Splinting Pediatric Wrist Fractures as Effective as Casting

Splinting children’s distal radius fractures was found as effective as casting them in a randomized controlled study of 92 children, aged 5 to 12 years, who had transverse or greenstick fractures with minimal angulation

The Canadian investigators who treated 43 children with splints and 49 children with casts and assessed results 6 weeks later wrote in their study, which was published in the Canadian Medical Association Journal (CMAJ), “Our results support the growing body of evidence that promote splinting as a suitable alternative to casting for specific distal radius fractures.”

For the study, conducted by Kathy Boutis, MD, FRCPC, a staff physician and associate scientist at Toronto’s Hospital for Sick Children, and colleagues, the splint group was allowed to freely remove the splint in the first 4 weeks to wash, but otherwise they kept it in on for the duration of treatment, as did the cast group for the entire time, according to a CMAJ press release.

In all cases, initial fracture angulation was 15· or less.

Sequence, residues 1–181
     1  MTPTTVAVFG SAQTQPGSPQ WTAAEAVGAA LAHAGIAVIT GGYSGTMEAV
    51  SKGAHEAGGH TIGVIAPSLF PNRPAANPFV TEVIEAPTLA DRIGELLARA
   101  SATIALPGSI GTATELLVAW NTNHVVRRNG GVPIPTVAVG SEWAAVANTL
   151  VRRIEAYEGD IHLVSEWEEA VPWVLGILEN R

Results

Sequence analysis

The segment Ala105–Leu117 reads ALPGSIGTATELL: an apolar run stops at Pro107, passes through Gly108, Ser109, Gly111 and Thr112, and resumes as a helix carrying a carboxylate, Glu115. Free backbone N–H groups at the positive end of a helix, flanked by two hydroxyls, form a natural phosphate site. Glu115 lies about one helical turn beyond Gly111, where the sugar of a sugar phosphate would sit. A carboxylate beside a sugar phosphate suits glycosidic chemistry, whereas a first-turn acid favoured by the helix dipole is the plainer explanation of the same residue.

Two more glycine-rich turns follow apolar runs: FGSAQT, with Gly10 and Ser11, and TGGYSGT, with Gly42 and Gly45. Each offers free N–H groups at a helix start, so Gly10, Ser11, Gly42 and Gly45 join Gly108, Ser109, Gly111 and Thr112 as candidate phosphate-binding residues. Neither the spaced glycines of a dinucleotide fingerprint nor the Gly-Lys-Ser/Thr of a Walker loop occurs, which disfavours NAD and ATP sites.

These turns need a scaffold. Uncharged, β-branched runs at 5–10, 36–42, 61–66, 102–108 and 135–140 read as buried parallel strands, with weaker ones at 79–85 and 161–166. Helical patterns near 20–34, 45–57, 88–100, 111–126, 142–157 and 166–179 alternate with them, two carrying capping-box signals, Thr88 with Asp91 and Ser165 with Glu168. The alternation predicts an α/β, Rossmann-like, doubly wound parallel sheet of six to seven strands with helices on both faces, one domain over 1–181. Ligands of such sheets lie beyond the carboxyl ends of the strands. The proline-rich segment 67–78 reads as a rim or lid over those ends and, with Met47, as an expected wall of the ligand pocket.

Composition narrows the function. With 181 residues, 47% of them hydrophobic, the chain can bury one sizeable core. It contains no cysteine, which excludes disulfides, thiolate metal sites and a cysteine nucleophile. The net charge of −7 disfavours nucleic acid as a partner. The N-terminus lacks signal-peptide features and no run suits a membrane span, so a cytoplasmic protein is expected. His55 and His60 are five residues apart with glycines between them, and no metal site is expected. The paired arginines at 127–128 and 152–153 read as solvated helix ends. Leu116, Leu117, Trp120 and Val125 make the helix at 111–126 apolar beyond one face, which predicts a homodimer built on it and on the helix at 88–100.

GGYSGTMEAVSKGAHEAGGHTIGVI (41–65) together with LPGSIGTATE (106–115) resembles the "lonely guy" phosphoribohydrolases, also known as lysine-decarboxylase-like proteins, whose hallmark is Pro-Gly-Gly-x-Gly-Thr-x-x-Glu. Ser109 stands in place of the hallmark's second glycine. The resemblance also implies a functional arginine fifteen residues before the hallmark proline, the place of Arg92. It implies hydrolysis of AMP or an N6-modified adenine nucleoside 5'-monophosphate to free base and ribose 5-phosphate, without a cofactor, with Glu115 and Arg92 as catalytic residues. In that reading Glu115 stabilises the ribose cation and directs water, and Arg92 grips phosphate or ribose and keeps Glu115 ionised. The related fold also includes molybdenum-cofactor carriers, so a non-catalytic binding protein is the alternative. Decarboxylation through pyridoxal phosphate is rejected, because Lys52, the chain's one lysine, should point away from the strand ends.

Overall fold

“There were no differences in maintaining fracture stability, complications, and the splint was shown to be superior in terms of family preferences,” Boutis and colleagues wrote in the study.

After 6 weeks, a physiotherapist blinded to which treatment each child received assessed the outcomes and found the mean Activities Scores were 92.8 points in the splint group and 91.4 points in the cast group. After 4 weeks, the difference between the groups’ fracture angulation was not different, according to data contained in the study abstract.

“Inherent benefits of a pre-fabricated splint include easier hygiene, eliminating discomfort and anxiety associated with cast saw use, and easy application and removal. Thus, evidence from this research combined with the advantages of the splint advocate for this device in the treatment of these fracture cases,” the investigators wrote.

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